While we are working on losing weight, exploring a new hobby, adding on that addition to the house or preparing for the future, scientists are also actively exploring the future of medicine: Nanotechnology. While exhaustively exploring nanotechnology would take an entire newspaper to cover, I’d like to cover a brief portion of this new science, and encourage you to research this topic, with all its exciting possibilities.
As you may have noticed in the past 20 years or more, technology is playing an active role in modern medicine. With imaging studies giving doctor’s the ability to explore the human body noninvasively, pace makers and diaphragmatic pacing systems sending electricity to make the heart beat and the lungs expand, and a whole slew of other forms of technology currently in the medical field, nanotechnology again takes a swing at becoming the front runner in modern medicine.
Nanotechnology is the science of manipulating extremely small molecules, the size of a “nanometer”, to achieve a certain purpose. A nanometer is technically one billionth the size of a meter. By comparison, a nanometer could be the size of a marble, while a meter is the size of planet earth. Also, a nanometer is thought to be the length that the hair on a man’s beard grows in the time it takes him to lift a razor to his face.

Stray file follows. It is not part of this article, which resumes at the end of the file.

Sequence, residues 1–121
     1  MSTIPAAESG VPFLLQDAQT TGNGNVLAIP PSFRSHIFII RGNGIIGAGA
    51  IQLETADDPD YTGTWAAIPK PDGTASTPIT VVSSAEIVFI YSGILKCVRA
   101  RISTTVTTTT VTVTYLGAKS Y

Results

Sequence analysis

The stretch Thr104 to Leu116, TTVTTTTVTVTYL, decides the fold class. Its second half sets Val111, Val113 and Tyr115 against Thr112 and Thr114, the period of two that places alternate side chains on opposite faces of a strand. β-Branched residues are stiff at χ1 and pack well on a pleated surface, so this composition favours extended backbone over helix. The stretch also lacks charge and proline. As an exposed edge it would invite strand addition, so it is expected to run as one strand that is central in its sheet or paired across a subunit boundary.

The basic unit of this technology is known as a fullerene, and these fullerenes can be manipulated to do extraordinary things. These “nanorobots” are given a genetic code and are built to do whatever the scientists wishes.
Nanotechnology offers us many possibilities, not only to the medical field, but to other fields as well. Nanorobots are being used in paint, which can be used for instance to paint the inside of a concert hall, such that it blocks all incoming cell phone signals, so that the concert is not disturbed.
In the medical field, nanorobots are being constructed to be used on animals to fight infection and even cancer. If this technology is successful, there may come a time when antibiotics and chemotherapy agents could be a thing of the past. These nanorobots could theoretically be ingested orally, and the nanorobots would be programmed with a genetic code that caused it to kill off the infection or cancerous cells.
The USA is currently investing roughly 3.2 billion dollars in nanotechnology, with other countries close behind, trying to become the first company to get the technology right. There are many factors that go into finalizing this technology, such as the effect it could have on the environment, as well as what harm could be done with the technology if it was placed in the wrong hands. For more information on this topic, simply type in nanotechnology in your computer’s browser, you will be amazed at what you’ll find out.
Justin Glaze is an LPN and contributing columnist for the Walker County Messenger. He can be reached at 678-988-1011 or email@example.com.